On our engagement with unions, we have presented to them and discussed their findings.

I am speaking about clinical management. The people Dr. Byrne spoke to did not have confidence in hospital management. What is their level of confidence in clinical management in hospitals?

Dr. John-Paul Byrne

That was not a major part of our research. However, where it did come up, there was confidence in the trainers' expertise.

Dr. Niamh Humphries

On the frustration of unions with clinical management, maybe they are as lost as we are regarding who fixes junior doctors' working conditions, who improves their work–life balance and where they go to fix their everyday frustrations with work. Since the affected doctors' working conditions are so poor, as we have described, it is hard to see how much support they have from any group and where they should go to initiate change that will make a genuine difference to their everyday working lives.

Sure. I support what Deputy Shortall said about engagement at the highest level. It is a question of at least trying to achieve quick wins. In this day and age, it is hard to believe that a canteen would close at 4 p.m. I would consider addressing a number of these kinds of issues to involve quick wins. They will not solve the problem but they should happen in the short term. For the medium and long term, it is important to glean the lessons from what has been done to ensure we retain and, hopefully in the future, attract back those who have left. I thank the delegates for their engagement, time and the work they have done.

I just wanted to ask about the doctors interviewed. Did the delegates not find that doctors working here believe they are doing a lot of work that really should not be under their remit, or that other staff in the hospital should be doing much of the work general doctors in Ireland do by comparison with those in other jurisdictions? As a result of their doing that work, we are overworking general doctors and underutilising their qualifications and expertise.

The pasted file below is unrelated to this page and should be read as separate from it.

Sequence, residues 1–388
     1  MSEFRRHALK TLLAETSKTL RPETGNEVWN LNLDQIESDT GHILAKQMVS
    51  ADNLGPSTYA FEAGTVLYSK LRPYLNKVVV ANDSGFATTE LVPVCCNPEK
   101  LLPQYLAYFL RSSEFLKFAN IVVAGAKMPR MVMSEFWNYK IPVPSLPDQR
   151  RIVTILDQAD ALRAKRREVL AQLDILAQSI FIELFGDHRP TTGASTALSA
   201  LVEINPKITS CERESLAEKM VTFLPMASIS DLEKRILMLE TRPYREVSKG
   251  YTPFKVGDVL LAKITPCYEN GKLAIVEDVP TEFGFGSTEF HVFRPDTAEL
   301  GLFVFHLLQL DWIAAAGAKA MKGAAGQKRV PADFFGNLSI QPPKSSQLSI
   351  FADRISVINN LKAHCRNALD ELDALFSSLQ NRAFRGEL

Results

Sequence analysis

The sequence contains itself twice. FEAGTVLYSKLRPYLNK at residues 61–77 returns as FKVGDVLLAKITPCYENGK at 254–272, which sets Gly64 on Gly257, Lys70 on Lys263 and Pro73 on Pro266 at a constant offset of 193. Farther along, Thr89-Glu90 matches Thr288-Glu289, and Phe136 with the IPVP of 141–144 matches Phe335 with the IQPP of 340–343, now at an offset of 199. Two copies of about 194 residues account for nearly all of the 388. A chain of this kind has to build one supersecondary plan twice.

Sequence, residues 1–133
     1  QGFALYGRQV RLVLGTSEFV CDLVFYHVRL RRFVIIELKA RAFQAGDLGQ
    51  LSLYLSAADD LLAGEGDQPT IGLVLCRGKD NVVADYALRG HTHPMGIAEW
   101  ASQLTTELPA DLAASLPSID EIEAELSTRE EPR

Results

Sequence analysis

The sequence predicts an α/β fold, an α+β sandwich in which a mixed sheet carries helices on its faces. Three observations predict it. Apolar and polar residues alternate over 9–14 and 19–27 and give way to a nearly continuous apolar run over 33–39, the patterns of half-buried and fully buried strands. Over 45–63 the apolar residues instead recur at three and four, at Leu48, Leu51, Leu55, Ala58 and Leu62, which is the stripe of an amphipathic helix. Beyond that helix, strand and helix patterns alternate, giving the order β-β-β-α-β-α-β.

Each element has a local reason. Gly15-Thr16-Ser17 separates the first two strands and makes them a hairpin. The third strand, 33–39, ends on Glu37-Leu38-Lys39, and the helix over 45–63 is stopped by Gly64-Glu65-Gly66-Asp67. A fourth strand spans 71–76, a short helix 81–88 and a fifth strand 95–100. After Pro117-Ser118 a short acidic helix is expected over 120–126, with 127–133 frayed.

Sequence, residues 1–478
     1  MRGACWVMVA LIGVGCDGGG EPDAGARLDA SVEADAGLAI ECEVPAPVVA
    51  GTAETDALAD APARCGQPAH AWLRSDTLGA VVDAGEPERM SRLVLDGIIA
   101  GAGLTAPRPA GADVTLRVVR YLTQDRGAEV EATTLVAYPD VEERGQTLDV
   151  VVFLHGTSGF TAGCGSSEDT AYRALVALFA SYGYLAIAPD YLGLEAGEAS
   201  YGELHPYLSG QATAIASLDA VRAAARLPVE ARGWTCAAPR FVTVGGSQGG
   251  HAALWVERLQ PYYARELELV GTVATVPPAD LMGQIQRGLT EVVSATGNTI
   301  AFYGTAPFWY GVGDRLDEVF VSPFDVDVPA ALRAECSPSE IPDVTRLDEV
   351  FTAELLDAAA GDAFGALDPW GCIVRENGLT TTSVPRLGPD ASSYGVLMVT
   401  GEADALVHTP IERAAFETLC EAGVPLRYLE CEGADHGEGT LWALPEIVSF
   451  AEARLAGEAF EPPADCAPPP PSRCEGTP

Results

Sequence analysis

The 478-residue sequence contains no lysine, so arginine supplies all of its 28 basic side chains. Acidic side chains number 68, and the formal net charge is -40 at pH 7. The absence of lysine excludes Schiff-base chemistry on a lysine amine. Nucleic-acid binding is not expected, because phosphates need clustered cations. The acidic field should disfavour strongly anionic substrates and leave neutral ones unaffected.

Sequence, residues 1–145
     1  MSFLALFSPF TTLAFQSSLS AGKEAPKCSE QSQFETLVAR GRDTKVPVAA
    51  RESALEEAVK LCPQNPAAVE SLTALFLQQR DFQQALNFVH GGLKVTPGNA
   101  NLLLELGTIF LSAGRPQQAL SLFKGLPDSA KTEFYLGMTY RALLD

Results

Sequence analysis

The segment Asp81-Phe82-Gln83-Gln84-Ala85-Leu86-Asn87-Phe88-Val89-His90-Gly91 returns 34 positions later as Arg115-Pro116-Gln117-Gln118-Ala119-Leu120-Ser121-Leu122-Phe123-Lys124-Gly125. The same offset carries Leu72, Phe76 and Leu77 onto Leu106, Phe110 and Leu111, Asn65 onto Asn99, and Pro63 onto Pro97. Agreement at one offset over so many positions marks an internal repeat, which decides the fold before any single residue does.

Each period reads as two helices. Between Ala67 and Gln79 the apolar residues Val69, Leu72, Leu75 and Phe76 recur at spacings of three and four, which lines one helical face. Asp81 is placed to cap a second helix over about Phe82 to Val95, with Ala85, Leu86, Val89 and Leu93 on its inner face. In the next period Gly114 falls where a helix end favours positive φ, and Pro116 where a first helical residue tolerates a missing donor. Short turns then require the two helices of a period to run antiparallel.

Dr. John-Paul Byrne

I wholeheartedly agree with that based on our findings. Overworking and underutilising comprise a perfect way to encapsulate many of the experiences of our NCHDs, in particular. Many of them felt they had no defined job specification in that anything nobody else wanted to do or for which they did not feel they had responsibility fell to them. That would certainly be the experience we have-----

The one example I have is of a student from the US who qualified as a doctor here. They worked in a smaller hospital initially and got great opportunities to work in theatre and everywhere else. They went to a bigger hospital for the second six months of their first year and found all they were doing was going for this or that, without getting access to many of the areas they wanted to deal with. When the delegates talked to junior doctors in Australia, did they find there was a difference in approach in their workload, such that they could focus their expertise on their job rather than on many other tasks for which they should not be responsible?

Dr. Niamh Humphries